Doklam effect: trade at Nathu La dips 90%

In 2017, exports dropped to ₹7.83 crore and imports to ₹1.02 crore.

The trade between India and China at the Nathu La border dropped by 90% in 2017 owing to the standoff at Doklam between the two countries.

According to the figures provided by the Department of Commerce and Industries, Government of Sikkim, the value of exports from India to China in 2016 was ₹63.38 crore and the import from China was ₹19.30 crore.

In 2017, exports dropped to ₹7.83 crore while imports from China dipped to just ₹1.02 crore.

“In 2017, trade was closed for a few months because of Doklam. This year the trade reopened on May 1 but it has not returned to what it was in 2016,” Subrata Lakra, Superintendent of Customs at the Serathang land checkpost, told The Hindu.

In the first two months since trade resumed in 2018 — May and June — the value of exports was ₹7.3 crore and imports ₹0.45 crore.

Silk Route

Trade between India and China at Nathu La started in July 2006 when the Old Silk Route was re-opened. Since then about 100 traders from both sides have been crossing the Nathu La border, at an elevation of 14,140 ft, four days a week, Monday to Thursday. The border trade is allowed seven months a year, from May to November.

Ujjwal Rai, Deputy Secretary in Sikkim’s Department of Commerce and Industries, said the reason for a higher value of exports from India is because 36 articles are allowed to be exported from the country, while only 20 articles are allowed to be imported. Indian traders are allowed to carry goods valued at ₹2 lakh a day whereas Chinese traders are allowed to bring goods of the same value in Yuan, he added.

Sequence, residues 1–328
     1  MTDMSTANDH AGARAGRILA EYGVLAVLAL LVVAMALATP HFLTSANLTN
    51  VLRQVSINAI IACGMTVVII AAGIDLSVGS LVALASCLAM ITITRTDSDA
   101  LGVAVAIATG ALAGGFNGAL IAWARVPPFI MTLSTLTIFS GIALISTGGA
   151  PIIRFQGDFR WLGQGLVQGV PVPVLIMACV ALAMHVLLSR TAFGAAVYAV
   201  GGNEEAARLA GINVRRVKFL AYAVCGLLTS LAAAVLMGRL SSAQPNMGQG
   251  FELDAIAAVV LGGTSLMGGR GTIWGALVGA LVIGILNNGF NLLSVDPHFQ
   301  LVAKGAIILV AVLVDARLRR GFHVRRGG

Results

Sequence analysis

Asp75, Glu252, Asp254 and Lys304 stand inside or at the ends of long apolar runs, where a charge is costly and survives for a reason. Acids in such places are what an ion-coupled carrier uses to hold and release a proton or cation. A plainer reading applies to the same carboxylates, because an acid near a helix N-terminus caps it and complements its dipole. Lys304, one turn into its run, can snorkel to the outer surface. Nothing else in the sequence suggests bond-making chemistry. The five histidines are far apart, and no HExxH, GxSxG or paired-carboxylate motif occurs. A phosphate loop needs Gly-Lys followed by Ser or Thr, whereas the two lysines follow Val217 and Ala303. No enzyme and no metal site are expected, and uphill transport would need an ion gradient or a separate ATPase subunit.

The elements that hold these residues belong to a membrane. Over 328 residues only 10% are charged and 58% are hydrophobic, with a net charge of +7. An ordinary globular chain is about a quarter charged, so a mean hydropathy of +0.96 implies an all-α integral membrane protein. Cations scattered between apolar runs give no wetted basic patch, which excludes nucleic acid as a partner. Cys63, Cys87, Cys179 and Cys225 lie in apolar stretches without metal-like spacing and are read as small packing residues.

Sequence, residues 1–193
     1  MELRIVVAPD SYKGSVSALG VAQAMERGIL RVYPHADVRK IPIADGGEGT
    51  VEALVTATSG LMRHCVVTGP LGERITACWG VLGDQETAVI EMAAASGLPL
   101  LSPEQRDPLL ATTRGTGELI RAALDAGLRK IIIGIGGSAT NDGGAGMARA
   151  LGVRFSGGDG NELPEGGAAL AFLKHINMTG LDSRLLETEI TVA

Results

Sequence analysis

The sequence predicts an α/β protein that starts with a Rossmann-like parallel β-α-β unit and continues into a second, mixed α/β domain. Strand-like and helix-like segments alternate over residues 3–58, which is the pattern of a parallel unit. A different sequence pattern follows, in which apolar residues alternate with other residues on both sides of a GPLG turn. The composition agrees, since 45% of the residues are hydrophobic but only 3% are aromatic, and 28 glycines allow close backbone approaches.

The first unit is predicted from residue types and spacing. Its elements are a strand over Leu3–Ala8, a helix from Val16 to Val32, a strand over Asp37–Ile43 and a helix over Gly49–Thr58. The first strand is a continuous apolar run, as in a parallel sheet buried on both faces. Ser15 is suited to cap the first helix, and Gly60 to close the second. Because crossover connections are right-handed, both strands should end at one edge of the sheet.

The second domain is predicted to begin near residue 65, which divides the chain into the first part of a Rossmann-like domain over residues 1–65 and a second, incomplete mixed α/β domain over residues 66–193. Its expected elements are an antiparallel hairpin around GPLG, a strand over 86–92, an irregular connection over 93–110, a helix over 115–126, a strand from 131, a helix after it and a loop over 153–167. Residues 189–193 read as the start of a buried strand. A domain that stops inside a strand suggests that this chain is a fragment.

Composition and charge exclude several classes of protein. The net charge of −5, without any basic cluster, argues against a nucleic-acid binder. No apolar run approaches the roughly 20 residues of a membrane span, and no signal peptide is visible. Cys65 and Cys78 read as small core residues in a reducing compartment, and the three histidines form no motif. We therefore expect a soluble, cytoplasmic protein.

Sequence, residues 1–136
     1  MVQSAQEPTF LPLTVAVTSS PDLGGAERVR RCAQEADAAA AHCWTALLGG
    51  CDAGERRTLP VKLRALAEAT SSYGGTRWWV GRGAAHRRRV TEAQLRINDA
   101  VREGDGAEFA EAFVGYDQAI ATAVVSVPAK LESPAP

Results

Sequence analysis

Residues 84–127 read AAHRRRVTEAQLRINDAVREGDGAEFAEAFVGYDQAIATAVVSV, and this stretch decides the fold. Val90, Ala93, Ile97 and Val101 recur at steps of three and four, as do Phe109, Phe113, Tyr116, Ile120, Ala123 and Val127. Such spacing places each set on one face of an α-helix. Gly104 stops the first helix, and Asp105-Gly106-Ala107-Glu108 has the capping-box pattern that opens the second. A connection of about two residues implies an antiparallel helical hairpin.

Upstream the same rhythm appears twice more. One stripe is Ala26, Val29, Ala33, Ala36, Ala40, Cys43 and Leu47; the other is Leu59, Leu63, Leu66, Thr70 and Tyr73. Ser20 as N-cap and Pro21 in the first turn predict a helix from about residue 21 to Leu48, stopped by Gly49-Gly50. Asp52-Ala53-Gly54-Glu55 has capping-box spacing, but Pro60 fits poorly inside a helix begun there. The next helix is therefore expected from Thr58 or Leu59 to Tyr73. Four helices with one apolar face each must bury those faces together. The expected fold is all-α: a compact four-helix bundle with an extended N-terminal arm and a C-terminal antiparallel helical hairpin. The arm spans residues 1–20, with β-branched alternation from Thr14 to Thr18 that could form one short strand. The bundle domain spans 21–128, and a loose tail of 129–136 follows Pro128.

Mr. Lakra, who mans the checkpost till the point where Chinese traders are allowed on Indian soil, said that the primary articles that are imported include garments and shoes whereas textiles, processed food, blankets and wheat flour are the main exports from India.

Shanti Tamang, a young shopkeeper in Chipsu village, who buys woollen garments from Chinese traders, admitted that the trade had come down. “In 2017, there was hardly anything to trade. This year, we are buying anything between ₹5,000 and ₹10,000 per trip,” she said.

Not far from Nathu La is the Doklam plateau, connected by a road leading from the shrine of Baba Harbhajan Singh (also called Baba Mandir), a sepoy with 23 Punjab who went missing in 1968. On this road, the last inhabited Indian village is Kupup, where more than 100 families live.

Army trucks and scores of men in fatigues can be seen in the market of this village, which has not seen many outsiders since the Doklam standoff.

“We hear that the situation has improved at the top [Doklam]. But we are still tense here,” said a woman shopkeeper.

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Printable version | Jun 2, 2020 7:21:27 PM |

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